My oldest daughter, Sarah, is in Japan this summer embarking on an adventure with her boyfriend, which could become a forever thing. She moved back “home” when Emma died, slipping into the basement apartment just as my youngest son, Ben, was moving out to live with his then girlfriend, now wife, Alex. In a very real way, we have never been “empty-nesters” until now. Although this may be temporary, it has caused me to reflect on the differences between losing a child to death and losing a child to life.
I lost a part of Emma to death, but so too have I lost a piece of each of my children to life. It is the way of the world. It’s painful in some ways, but in most ways it’s as it should be, and that makes it right. I will never think that Emma’s death was good – my husband still firmly believes that God made a BIG mistake. No healthy, happy, vivacious 19-year-old simply dies in her sleep. But I’ve come to accept that it was the unique way she left the nest. I’ve come to believe she lives on, taking our teachings and guidance and making them her own, on her own.
I also know that she lives on in my heart. I never really understood that before, but I do now. Emma is a part of everything I do. I carry her with me to every meeting at work, to every new sight I see in my travels, to every family event. I can talk to her any time I want, not just over Sunday dinner, which has become our weekly time with Ben and Alex. I don’t have to wait to talk with Emma, whereas talking with my daughter Sarah requires making a date to Skype across time zones. While my oldest son, Jason, is often at a concert or spear-heading some kind of protest, I don’t have to worry that I’m disturbing Emma. Sure, it’s different and I have to imagine what her answers might be. But she’s still with me in a way that matters.
It is much the same with my three living children. A huge part of me is happy that they’ve settled into happiness in a way that doesn’t involve me. But a part of me misses their youth, when Rod and I were their world. As with Emma, there’s a huge part of each of them that has become a memory. I miss them all as babies, as toddlers, as wide-eyed middle-schoolers starting to find their way. I miss them as teen-agers (well, kind of). I miss all their firsts, which I’ve tried to cement in my mind so that I never ever forget the feelings of pride and joy I shared with them for each accomplishment, for each major step forward.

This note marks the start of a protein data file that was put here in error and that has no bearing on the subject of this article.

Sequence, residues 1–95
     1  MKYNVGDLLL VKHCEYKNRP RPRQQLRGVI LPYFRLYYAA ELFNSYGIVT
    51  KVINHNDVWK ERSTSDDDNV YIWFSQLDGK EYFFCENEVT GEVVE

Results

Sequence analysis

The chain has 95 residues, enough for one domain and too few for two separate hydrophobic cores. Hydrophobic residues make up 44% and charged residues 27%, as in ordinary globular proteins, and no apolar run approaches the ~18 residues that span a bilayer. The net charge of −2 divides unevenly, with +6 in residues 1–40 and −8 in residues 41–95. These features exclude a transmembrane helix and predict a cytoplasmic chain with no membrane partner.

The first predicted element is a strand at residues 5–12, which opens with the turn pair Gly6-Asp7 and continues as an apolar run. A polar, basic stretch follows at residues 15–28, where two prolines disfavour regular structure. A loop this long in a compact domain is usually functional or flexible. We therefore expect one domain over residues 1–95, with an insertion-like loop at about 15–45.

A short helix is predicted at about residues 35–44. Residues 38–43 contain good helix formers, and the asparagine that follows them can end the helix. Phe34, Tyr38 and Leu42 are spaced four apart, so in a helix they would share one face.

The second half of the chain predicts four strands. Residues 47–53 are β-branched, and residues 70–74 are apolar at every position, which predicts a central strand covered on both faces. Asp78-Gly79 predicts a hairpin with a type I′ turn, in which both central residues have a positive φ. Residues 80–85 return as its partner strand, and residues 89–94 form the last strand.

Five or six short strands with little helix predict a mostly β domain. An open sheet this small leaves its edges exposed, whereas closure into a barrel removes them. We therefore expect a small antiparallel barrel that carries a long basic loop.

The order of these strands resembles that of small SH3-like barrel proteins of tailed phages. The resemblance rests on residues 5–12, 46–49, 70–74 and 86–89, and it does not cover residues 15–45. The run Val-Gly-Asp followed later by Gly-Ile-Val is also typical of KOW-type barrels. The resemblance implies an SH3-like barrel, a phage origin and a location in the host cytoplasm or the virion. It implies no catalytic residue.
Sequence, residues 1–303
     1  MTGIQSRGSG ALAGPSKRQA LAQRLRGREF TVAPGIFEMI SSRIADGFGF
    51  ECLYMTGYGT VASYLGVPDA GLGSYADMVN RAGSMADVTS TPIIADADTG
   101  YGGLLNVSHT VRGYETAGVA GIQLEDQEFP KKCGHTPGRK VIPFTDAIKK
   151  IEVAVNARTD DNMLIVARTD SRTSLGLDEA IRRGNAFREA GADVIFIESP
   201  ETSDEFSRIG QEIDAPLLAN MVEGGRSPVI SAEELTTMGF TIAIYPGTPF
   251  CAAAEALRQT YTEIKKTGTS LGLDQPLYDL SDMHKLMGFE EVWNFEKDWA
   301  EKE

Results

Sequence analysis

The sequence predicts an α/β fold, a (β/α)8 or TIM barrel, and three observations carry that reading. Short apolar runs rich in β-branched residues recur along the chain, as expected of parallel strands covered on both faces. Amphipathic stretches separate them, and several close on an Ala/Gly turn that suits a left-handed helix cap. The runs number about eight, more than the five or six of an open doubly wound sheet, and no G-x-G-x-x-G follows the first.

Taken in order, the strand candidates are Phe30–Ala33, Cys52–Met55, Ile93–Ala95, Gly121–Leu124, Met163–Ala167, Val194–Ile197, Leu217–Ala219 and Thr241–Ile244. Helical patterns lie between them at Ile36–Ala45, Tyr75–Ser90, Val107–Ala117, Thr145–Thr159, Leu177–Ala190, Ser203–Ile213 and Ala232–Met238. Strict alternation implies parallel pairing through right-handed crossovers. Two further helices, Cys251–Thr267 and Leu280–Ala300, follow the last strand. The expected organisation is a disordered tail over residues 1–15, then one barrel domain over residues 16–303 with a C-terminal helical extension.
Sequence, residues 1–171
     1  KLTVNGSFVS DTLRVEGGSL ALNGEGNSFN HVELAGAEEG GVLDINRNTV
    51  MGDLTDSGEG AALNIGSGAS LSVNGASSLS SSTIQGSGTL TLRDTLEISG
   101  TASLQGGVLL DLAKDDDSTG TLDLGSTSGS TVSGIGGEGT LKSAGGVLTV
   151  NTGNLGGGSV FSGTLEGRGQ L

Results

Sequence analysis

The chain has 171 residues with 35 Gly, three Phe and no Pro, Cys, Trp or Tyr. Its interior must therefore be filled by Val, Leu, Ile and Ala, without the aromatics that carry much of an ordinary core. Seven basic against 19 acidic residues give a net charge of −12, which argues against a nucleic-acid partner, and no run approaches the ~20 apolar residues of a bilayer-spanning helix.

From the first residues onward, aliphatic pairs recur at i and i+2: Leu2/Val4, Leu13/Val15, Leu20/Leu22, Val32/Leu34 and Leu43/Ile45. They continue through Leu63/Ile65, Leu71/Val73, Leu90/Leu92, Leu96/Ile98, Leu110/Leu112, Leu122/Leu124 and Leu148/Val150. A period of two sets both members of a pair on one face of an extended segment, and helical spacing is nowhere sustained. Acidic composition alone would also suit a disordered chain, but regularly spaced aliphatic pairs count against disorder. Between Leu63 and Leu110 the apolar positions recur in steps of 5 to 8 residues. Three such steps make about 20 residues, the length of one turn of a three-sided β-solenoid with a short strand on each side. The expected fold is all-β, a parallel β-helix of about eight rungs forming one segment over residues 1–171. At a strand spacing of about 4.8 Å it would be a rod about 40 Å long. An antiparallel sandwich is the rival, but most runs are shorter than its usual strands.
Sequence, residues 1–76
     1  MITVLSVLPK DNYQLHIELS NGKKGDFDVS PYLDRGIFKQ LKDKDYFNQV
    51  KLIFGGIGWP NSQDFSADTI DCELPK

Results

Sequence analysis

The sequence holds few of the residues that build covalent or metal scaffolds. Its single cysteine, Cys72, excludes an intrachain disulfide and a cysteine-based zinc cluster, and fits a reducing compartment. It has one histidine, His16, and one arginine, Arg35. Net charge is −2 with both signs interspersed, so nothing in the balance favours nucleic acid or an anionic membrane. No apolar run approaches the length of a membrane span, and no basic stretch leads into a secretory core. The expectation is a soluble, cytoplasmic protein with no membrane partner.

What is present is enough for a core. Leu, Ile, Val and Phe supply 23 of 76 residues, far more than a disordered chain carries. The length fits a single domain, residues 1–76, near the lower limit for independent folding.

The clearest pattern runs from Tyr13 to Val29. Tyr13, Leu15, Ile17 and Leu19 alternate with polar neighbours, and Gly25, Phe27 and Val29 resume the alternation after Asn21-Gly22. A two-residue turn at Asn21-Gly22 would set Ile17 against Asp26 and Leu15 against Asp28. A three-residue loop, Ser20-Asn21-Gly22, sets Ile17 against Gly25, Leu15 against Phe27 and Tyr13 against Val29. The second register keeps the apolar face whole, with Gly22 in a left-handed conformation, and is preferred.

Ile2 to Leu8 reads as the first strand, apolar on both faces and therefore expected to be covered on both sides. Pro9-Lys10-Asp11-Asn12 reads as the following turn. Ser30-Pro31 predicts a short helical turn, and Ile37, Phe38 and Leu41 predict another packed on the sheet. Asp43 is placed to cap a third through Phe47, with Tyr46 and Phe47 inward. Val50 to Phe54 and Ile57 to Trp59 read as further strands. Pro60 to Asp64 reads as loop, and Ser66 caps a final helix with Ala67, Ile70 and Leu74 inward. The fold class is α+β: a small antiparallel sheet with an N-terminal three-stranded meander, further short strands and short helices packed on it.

I’ve often said that what I learned from losing Emma is as much about life as it is about death. One important thing to remember is to love your kids while you have them. They will one day leave your home and your relationship will change. Consider it an honor that they need you and cherish every moment you have with them, even the tough ones. Make memories together. Someday you’ll need the memories. Know your child – be able to tell their stories. Give them the gift of happiness and joy. Be proud of them and tell them why, even if it’s for a small thing, like how they light up your life with their smiles. Remember that one day, most of what they have of you will be memories, too. Do everything you can to make those memories good or meaningful, so they’ll carry them in their hearts and lean on them when they need to.
This column is featured in Donna Mebane’s Wisps of Hope newsletter.
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